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Chronic Inflammatory Gingival Enlargement Associated with Orthodontic Therapy – A Case Report

Tanya Jadhav, MDS; K Mahalinga Bhat, MDS; G Subraya Bhat, MDS; Jothi M Varghese, MDS

April 2013 Course - Expires April 30th, 2016

American Dental Hygienists' Association

Abstract

Gingival enlargement, also synonymous with the terms gingival hyperplasia or hypertrophy, is defined as an abnormal overgrowth of gingival tissues. A case of a 19–year–old male presenting with maxillary and mandibular chronic inflammatory gingival enlargement associated with prolonged orthodontic therapy is reported here. Surgical therapy was carried out to provide a good aesthetic outcome. No recurrence was reported at the end of 1 year. The importance of patient motivation and compliance during and after therapy as a critical factor in the success of treatment has also been highlighted through this case report.

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Keywords: Gingival enlargement, chronic inflammation, orthodontic therapy, compliance, motivation

Introduction

Gingival enlargement, a globally accepted terminology for an increase in the size of the gingiva, is a general feature of gingival diseases. It is a multifactorial condition that develops in response to various stimuli and interactions between the host and the environment. It may be plaque–induced or associated with systemic hormonal disturbances. It also occurs as a manifestation associated with several blood dyscrasias, such as leukemia, thrombocytopenia or thrombocytopathy. A rare variant, idiopathic gingival fibromatosis, with a familial inheritance, has also been reported.1 Based on the extent and severity, these enlargements may lead to functional disturbances like altered speech, difficulty in mastication and aesthetic and psychological problems.

Inflammatory gingival enlargement may be categorized as acute or chronic, wherein chronic changes are much more common.1 The ability to perform oral hygiene measures is compromised in some patients with gingival enlargements, which may be further complicated by the presence of prosthesis and fixed orthodontic appliances. This may lead to more inflammation and further plaque accumulation perpetuating this vicious cycle. Thus, there is a transformation of the gingival sulcus into a periodontal pocket creating an area where plaque removal becomes impossible.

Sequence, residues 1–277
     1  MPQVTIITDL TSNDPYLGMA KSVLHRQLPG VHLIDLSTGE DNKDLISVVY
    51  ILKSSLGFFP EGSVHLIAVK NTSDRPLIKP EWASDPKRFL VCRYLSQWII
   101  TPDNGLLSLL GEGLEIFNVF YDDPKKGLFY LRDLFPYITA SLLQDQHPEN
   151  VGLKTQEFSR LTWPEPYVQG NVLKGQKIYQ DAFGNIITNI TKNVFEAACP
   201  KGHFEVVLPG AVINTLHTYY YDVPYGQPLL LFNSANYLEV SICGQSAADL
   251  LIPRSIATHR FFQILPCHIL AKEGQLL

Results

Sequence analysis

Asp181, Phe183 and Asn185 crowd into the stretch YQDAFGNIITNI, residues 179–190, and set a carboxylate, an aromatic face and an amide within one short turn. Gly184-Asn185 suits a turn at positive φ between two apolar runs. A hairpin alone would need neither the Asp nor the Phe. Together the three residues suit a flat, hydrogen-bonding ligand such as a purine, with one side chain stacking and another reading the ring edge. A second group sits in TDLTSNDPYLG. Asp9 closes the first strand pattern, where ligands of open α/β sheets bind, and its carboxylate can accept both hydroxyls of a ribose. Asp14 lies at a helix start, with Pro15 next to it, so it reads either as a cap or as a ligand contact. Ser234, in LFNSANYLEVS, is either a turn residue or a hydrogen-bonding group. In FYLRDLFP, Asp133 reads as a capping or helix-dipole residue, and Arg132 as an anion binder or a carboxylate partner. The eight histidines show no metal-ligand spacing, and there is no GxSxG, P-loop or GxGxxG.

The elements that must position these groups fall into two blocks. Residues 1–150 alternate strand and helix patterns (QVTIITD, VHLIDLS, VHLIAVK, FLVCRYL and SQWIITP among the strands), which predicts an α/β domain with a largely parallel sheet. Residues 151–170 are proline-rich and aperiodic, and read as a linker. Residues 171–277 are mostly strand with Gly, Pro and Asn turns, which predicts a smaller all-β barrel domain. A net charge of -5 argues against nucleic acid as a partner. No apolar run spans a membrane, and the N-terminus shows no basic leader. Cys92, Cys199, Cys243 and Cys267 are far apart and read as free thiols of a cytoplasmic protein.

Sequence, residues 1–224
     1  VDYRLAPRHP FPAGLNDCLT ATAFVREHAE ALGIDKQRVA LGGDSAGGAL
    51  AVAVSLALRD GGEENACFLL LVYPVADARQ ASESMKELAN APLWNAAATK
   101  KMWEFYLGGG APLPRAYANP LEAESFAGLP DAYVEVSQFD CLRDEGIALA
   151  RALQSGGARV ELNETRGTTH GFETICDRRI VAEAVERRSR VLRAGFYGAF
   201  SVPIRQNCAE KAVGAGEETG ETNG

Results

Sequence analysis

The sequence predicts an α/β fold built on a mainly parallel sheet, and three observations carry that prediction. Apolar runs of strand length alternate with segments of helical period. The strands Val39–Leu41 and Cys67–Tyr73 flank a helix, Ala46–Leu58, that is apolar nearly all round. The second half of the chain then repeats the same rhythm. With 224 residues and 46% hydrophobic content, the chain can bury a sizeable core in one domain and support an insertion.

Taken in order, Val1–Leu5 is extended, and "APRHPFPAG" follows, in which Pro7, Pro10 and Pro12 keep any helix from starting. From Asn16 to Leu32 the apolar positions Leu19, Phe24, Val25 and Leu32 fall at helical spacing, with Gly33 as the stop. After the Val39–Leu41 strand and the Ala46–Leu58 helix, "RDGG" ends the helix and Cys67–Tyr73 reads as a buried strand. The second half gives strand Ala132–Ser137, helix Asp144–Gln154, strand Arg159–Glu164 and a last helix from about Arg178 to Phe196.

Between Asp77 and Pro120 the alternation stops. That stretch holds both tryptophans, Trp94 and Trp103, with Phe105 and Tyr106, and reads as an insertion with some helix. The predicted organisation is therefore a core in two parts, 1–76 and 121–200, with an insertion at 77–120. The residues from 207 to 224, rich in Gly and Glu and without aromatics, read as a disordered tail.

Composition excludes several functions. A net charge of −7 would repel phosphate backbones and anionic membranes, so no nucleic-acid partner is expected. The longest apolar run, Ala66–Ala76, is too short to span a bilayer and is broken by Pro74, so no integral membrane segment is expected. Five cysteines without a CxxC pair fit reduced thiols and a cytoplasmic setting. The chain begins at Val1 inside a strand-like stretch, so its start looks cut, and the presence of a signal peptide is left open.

One of the most important determinants of treatment outcomes is patient compliance. The willingness to perform adequate oral hygiene measures and receive timely periodic recalls and treatment are deemed essential for a successful outcome. The therapeutic approaches related to gingival enlargement are based on the underlying etiology and the subsequent changes it manifests on the tissues. The prime treatment modalities involve obtaining a detailed medical history and non–surgical periodontal therapy, followed by surgical excision to retain esthetical and functional demands.

This case report presents a case of chronic gingival enlargement associated with prolonged orthodontic therapy

Case Report

A 19–year–old male patient reported to the Department of Periodontology, Manipal College of Dental Sciences, Manipal, India. The patient complained of swelling of the upper and lower gums in the front tooth region. The patient had noticed the swelling 3 years prior and reported that it had not increased in size since then. He also complained of bleeding from the gums while brushing. The patient revealed that he had undergone incomplete orthodontic treatment which was initiated 6 years prior. There was no other relevant medical, dental or family history.

Consistent with the history of incomplete orthodontic treatment, intraoral inspection revealed orthodontic molar bands and brackets on all teeth except the maxillary left central incisor. On clinical examination, marginal and papillary gingiva appeared red and enlarged in the maxillary and mandibular arches, which was more prominent in the anterior sextants and also more pronounced on the right side as compared to the left (Figures 1–3). Further soft tissue assessment revealed soft an edematous consistency and bleeding on probing on all teeth.

A treatment plan consisting of initial periodontal therapy followed by a gingivectomy procedure was planned to improve aesthetics and function. The initial periodontal therapy comprising supragingival and subgingival scaling was performed. Oral hygiene instructions were given and the use of chlorhexidine mouthwash (0.2% ClohexTM, Dr. Reddy’s Laboratories Ltd., India) twice a day for one week was advised. At the next visit, in spite of use of the prescribed medicated mouthwash, the gingival enlargement did not show considerable reduction in size, but the tissues appeared to be firm in consistency. At this stage, radiographs were taken and complete blood count investigations (RBC, WBC and platelet counts, ESR, bleeding time, clotting time, prothrombin time) were carried out (Figure 4).